We all know the names Plato and Aristotle. Few are familiar with Epicurus or the materialist philosophy that is named for him, even though he created the secular humanist lifestyle and endowed it with both scientific underpinnings and a coherent set of ethical principles. Epicurus (341-270 BCE) founded a school in Athens that he called “the Garden.” He sought to offer an alternative to both the speculative philosophy developed by Plato and the materialist-but-New-Agey philosophy of the Stoics, which insisted on the reality of fate and determinism. What’s more, he bequeathed humanity a set of beliefs and practices that can cure us of our fear of hell and that can teach us to be happy, ethical individuals in the here-and-now secular world.
The principal text of Epicureanism available to us today is Lucretius’ six-book poem On the Nature of Things. It is a masterpiece of Latin literature, but because its first few books are devoted to establishing the philosophy’s materialist physics, with extensive arguments seeking to prove atomic motion or sensory perception, many readers never make it to what really counts—its ethics. That is a shame because Epicurus is the progenitor of libertarianism, self-help, and, above all, of philosophy understood as psychotherapy. All who believe in free will, autonomy, and personal responsibility will be interested in what he had to say. I therefore applaud Crespo for choosing, unlike Lucretius, to emphasize Epicurean ethics and happiness over physics and epistemology. Because Crespo recognizes that the materialist basis of Epicurean philosophy is similar in spirit to the scientific worldview that most of us are taught in school today—we call quarks what Epicurus called atoms—it is only briefly and at the end of the book that he compares Epicurus’s understanding of physics with that of contemporary scientists and philosophers.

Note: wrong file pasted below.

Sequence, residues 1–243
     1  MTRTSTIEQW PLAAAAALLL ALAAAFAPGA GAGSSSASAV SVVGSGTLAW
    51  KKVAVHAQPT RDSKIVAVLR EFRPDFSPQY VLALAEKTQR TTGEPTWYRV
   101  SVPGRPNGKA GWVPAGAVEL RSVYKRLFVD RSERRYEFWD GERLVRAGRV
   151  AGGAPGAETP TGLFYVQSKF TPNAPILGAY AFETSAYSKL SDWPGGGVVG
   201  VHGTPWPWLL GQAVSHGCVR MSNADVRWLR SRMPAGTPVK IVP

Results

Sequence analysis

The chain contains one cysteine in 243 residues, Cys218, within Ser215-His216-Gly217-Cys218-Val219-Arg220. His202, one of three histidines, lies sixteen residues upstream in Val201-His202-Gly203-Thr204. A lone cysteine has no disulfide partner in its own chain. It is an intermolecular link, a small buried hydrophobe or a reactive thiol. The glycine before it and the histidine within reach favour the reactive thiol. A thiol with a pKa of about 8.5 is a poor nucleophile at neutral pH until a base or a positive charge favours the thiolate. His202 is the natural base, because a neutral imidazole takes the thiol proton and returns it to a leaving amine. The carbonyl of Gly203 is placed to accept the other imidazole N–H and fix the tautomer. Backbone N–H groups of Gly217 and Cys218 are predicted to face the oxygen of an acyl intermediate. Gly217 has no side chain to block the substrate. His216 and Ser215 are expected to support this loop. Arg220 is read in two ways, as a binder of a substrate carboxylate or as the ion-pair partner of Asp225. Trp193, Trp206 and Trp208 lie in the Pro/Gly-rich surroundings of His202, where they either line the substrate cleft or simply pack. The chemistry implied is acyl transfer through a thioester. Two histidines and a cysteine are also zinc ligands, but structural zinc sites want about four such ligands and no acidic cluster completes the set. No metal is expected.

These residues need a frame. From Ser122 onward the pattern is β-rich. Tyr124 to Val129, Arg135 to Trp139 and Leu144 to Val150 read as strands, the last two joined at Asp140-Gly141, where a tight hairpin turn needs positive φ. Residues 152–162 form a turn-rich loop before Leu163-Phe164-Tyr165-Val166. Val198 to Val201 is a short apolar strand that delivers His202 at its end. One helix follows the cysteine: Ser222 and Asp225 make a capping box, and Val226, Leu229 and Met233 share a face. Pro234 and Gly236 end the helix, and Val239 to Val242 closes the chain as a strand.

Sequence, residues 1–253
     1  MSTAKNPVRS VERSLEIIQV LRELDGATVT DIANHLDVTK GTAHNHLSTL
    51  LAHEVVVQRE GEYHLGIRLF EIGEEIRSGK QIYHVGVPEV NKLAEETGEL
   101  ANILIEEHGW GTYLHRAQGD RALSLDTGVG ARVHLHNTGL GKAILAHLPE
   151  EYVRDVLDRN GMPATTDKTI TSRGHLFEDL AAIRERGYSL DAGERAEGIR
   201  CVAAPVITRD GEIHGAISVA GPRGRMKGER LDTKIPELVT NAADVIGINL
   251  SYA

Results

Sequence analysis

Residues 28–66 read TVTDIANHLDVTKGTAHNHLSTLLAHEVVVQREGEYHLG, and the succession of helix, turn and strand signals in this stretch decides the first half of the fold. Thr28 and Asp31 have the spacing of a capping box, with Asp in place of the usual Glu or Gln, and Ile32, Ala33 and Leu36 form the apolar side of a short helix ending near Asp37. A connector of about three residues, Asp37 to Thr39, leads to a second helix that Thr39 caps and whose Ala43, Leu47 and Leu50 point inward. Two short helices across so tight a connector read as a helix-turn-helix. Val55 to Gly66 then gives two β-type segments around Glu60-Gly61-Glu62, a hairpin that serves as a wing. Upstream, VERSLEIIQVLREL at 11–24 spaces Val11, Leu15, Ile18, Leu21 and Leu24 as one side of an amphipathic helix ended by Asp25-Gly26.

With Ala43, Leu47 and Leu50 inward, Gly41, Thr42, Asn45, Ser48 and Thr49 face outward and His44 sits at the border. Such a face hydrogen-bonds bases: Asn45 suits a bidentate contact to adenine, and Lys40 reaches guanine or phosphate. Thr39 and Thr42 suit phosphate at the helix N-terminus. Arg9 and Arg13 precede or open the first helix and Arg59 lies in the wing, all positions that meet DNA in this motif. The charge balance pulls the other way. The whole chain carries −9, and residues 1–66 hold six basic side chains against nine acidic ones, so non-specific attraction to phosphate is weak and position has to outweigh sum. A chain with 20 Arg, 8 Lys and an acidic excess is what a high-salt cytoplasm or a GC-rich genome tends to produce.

In a series of fifteen short chapters, Crespo introduces his belief that secular ethics can and should be cultivated—that post-religious people can and should realize that philosophy was once separate from religion and can become so again. He also shows how Epicureanism can improve your life by cultivating time-honored practices known to relieve anguish—meditation, journaling, memorizing catchphrases to recite during moments of anxiety, and learning to live in the moment.